Walt Disney's Horror Movie Written by Stephen Schochet
In 1934, when Walt Disney called for a meeting among his artists, a rumor had spread that he was going to shut studio down and they would all be left unemployed during great depression. Instead he personally told them in his own spellbinding way story of Snow White and Seven Dwarfs, which he intended to make into his first feature length film. It was a risk unlike any other he had taken before. The film would cost a million and a half dollars at a time Disney was spending anywhere from ten to thirty thousand on his short cartoons. Doubts came from his wife Lillian and his brother and business partner Roy, who were sure they would be in debt for most of rest of lives. Also nervous was Walt's backer Bank of America, who at one point interrupted production by cutting off his credit. Then there were heads of other studios like MGM, Universal and Warner Brothers. They would gather for their weekly poker games at Hillcrest Country Club and speculate that Walt, who they called "the Mickey Mouse Man", would never succeed, no one would sit still for an hour and a half to watch a cartoon. And press referred to Snow White as "Disney's Folly".
Despite doubters and his own health problems (he suffered from a thyroid condition), Walt
A Miraculous MovieWritten by Stephen Schochet
It was originally called The Big Heart. Daryl Zanuck shrewd head of Twentieth Century Fox couldn't buy image of Santa Claus in a court room. But like so many ventures Miracle On 34th Street (1947) came about because of passion, in this case that of Director George Seaton who had gone to New York on his own and made arrangements with real Mr. Macy and Mr. Gimbel to film inside their department stores. Impressed by Seaton's commitment Zanuck gave show a green light. Who would play little girl who didn't believe in Santa Claus? Seaton agonized over it, until assistant director remembered an amazing child prodigy from Santa Rosa, California who could cry on cue. Her name was Natasha Nikolaevna Gurdin renamed Natalie Wood after director Sam Wood . The same Natalie Wood who would later go out on a hotel room ledge and threaten to jump when her boyfriend Elvis Presley ignored her to play poker with Memphis Mafia. The same girl who would infuriate fellow cast members of West Side Story (1961) with her tardiness, her refusal to learn simple dance steps and her insistence on long lunch breaks to visit with her analyst. But seven-year-old Natalie had none of typical child star precocious behavior, she gained respect of her co-stars on Miracle set with her professional demeanor, earning nickname One-Take-Natalie.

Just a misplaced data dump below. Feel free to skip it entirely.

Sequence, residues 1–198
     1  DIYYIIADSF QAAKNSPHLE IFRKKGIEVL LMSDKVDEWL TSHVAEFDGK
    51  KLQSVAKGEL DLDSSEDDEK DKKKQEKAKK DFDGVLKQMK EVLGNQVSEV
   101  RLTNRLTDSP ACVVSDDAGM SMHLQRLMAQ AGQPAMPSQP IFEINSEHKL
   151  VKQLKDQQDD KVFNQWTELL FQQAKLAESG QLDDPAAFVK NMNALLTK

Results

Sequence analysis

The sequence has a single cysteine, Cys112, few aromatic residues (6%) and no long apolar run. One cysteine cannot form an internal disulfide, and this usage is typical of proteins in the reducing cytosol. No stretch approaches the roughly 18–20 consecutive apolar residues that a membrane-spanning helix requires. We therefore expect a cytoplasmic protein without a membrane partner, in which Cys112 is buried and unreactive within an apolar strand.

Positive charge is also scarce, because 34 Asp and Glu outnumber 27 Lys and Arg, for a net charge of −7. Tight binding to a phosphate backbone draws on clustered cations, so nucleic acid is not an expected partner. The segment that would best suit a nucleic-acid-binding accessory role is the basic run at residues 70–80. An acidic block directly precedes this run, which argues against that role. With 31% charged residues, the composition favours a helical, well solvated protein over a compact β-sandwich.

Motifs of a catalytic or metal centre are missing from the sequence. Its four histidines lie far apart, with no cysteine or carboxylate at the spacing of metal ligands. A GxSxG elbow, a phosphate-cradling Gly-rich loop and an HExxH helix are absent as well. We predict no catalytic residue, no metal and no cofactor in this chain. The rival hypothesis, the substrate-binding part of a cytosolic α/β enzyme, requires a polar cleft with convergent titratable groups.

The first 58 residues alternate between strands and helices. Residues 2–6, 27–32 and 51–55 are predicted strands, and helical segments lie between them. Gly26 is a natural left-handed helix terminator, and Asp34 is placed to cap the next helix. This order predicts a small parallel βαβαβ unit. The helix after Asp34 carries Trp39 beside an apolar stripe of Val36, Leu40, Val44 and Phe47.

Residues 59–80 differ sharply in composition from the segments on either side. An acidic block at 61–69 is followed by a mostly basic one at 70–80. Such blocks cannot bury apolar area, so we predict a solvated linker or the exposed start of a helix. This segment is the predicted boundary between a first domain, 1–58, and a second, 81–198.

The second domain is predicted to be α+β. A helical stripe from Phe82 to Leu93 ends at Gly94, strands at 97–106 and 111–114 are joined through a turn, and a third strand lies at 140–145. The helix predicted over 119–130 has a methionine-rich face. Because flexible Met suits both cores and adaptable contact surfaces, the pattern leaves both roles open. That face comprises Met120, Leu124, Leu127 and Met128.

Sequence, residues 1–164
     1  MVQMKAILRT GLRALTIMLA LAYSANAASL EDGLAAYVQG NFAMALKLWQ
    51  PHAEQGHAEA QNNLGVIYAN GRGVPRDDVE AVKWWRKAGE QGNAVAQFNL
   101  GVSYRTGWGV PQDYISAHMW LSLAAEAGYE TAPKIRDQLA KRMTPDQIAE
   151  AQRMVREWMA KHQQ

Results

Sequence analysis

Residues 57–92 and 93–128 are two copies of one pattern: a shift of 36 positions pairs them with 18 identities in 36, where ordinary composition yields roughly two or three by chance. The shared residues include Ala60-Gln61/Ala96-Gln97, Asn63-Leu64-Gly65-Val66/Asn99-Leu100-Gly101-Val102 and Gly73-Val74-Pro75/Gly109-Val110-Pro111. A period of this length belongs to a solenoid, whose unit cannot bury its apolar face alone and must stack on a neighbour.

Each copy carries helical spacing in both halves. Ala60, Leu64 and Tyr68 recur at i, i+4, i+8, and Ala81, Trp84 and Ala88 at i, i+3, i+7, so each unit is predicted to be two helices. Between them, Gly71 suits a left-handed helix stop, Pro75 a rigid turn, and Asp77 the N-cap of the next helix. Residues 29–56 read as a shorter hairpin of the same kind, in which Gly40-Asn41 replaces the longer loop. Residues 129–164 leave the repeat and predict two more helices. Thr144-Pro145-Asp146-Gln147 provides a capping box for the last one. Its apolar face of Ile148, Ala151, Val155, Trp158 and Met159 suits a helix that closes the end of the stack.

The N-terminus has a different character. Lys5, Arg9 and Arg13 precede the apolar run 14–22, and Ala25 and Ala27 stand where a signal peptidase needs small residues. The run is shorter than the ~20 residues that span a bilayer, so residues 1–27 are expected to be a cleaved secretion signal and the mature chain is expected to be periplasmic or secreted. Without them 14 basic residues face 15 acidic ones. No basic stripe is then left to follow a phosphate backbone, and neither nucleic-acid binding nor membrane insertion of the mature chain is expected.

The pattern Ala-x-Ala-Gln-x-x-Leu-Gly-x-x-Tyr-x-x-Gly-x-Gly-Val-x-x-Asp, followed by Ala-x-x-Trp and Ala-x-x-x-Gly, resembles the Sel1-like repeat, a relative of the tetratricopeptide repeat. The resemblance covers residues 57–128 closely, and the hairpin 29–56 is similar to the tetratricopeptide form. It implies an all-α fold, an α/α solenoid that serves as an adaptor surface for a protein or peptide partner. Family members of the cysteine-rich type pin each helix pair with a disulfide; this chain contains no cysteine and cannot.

Like all filmed on location movies there were logistical problems. The sequence where Santa was taken to Bellevue was done without permission. The famous hospital would not cooperate with Hollywood because they had been portrayed badly in earlier films, they were not swayed by sight of a sickly, freezing cold Santa Claus (Edmund Gwenn) bundled up under blankets in a car, waiting to shoot his scenes. The filmmakers were forced to shoot only car approaching building's entrance and edit rest later. Another difficulty was getting permission to shoot Macy's parade from apartment dwellers on 34th street which had to be done right first time, there could be no retakes. The film crew paid ladies of house to place cameras in their windows. Then their husbands came home, complained about inconvenience and demanded their own equal share. Most difficult to film was sickly but determined Edmund Gwenn who would win an Oscar for playing Kris Kringle. He suffered from a bladder control problem but couldn't stand thought of someone taking his place in parade. The children who stood on sidewalk waving at Santa never saw long tube under his cloak.